Connect with us



Hugh Jennings

Perth musician, Hugh Jennings, has played in esteemed bands such as Burnside, Autopilot and End of Fashion, as well as being a session player for Eskimo Joe, Bob Evans and others. He’s just released his debut solo album, Hound, and chats to ATS about how he got to this point at last.

If memory serves, a Facebook group was once started in order to convince you to record a solo album. Was the support and insistence of friends and musos that you do this over the years a catalyst for getting it done?

It absolutely was, no question. Left to my own devices I could have twiddled away at home for another five years, but my mates pushed me into taking a bit of a leap. My natural tendency is towards self-deprecation and delay. Not very productive qualities.

What’s the timespan for all the songs. Old and new?

The most recent song is less than a year, but some of the older tracks came from demos that are seven or eight years old. In fact, the last track, Treading Water, is a re-write of a song I wrote in my old band Autopilot, probably in 2001. Christ Almighty. That’s scary. It’s also my favourite, I think.

What else is old? What’s new?
Treading Water is a very old tune, but I re-wrote and recorded it up at Debaser with Andy Lawson late last year, so it feels like the newest song to me, somehow. My O My is the last song I wrote, probably mid-way through last year, but it feels like I’ve had it forever. The song, Forever, I have actually had knocking around forever.


What do the older songs tell you about yourself?

That I write songs at a glacial pace. But I don’t mind that. Some of these songs have been fermenting away in my brain for quite a while, and it’s given me the chance to extract every bit of melody and counter melody that I could out of them. And I think I’ve got better generally over the years, as we all do, so it’s been nice to do the songs some justice.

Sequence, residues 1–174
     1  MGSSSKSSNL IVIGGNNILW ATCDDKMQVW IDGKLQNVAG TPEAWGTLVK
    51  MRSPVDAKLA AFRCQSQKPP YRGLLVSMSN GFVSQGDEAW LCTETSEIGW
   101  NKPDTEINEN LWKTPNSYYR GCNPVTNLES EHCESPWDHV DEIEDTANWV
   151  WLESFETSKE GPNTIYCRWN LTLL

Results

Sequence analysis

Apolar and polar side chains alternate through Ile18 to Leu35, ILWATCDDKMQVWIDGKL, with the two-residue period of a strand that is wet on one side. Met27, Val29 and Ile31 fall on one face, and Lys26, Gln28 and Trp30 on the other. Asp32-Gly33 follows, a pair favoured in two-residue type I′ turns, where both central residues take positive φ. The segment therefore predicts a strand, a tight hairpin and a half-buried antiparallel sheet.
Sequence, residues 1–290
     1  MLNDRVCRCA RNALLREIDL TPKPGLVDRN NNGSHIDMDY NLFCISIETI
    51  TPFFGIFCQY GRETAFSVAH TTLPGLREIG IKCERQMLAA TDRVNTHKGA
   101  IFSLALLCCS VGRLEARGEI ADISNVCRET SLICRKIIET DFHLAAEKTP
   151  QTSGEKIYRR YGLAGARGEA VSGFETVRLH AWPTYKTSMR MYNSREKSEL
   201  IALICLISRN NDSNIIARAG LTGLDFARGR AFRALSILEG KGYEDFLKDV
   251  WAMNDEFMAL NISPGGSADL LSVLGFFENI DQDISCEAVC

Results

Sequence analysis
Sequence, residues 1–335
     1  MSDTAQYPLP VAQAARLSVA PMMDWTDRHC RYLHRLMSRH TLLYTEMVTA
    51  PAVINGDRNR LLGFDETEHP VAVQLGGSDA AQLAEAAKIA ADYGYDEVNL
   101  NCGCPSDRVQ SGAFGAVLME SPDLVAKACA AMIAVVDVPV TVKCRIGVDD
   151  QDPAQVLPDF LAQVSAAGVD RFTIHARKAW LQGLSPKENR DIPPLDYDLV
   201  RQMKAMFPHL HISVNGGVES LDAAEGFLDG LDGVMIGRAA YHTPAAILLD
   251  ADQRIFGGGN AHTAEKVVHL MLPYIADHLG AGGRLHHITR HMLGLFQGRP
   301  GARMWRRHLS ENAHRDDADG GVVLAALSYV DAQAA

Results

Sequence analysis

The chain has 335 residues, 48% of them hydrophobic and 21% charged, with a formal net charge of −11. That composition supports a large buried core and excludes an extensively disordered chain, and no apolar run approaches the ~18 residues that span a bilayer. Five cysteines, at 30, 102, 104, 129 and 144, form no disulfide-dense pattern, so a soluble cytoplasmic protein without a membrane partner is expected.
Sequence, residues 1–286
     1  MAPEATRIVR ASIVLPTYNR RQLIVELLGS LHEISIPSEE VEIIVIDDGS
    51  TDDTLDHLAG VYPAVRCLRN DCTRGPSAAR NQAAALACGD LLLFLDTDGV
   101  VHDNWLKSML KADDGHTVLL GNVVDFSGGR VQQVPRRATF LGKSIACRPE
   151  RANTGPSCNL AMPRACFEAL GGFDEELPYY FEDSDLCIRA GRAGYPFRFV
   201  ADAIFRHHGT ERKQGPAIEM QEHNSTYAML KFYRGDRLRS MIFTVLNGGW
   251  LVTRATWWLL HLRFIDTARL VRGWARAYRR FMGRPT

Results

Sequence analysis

Tell me what each of the bands you have played with have taught you about life and music? 
My first band Burnside taught me that for me, life, music and friendship are indelibly bound and intertwined.

Autopilot taught me that when you’re making music, you should do what you love, with no question or second guessing. And Steve Parkin taught me a thing or two about songwriting and melody.

End Of Fashion took me to a level of the industry I’d never glimpsed before, and I saw what hard work meant at that level, beyond the veneer and myth of rock star crap. And Justin Burford taught me a thing or two about songwriting and showmanship.

Bob Evans is my favourite band I never wrote songs in. I loved the songs, loved the band, loved the tours, and I got to show off by playing a few different instruments whilst watching Kev (Mitchell) be one of the country’s consummate writers and performers. They was a damn good couple of years, and I miss them.

So what’s it mean after all this to release your solo album?

For me, it feels great. When I’m an old codger propping up a grimy beer-soaked bar, I’ll be able say I did an album. I’ll probably still have copies in the boot of my car. And it will be nice to get these songs out of the way, to make some room for the new ones. There’s another album in my head already. The best thing has been to play these songs with a band, though. So much fun.

With it now released, how do you view the future of your music?

I fully expected to continue at the same pace of writing and recording, but now I’m feeling a bit more energetic. This album may have taken a few years to collate, but it was whipped into shape pretty quickly. I reckon I’ll do another one. It’s too much fun not to. Next one will be a fair bit louder and faster and have more swear words, though.

Did you ever find my O Brother Where Art Thou CD? I lost it at the Queens when you worked there in 2001…

Yes. I have it. I’m keeping it. It’s in a limited edition Dapper Dan hair treatment tin. There’s no way you’re getting that back.

Hugh Jennings launches Hound on Friday, September 29, at the Fly By Night Club. Elk Bell will also launch her new album, Republica d’fantAsia, with an opening set by the Belle Ends. Full details at –


Don't Miss:


Ian Moss Ian Moss



Drapht Drapht



Charlie Wilde Charlie Wilde



Ed Kuepper Ed Kuepper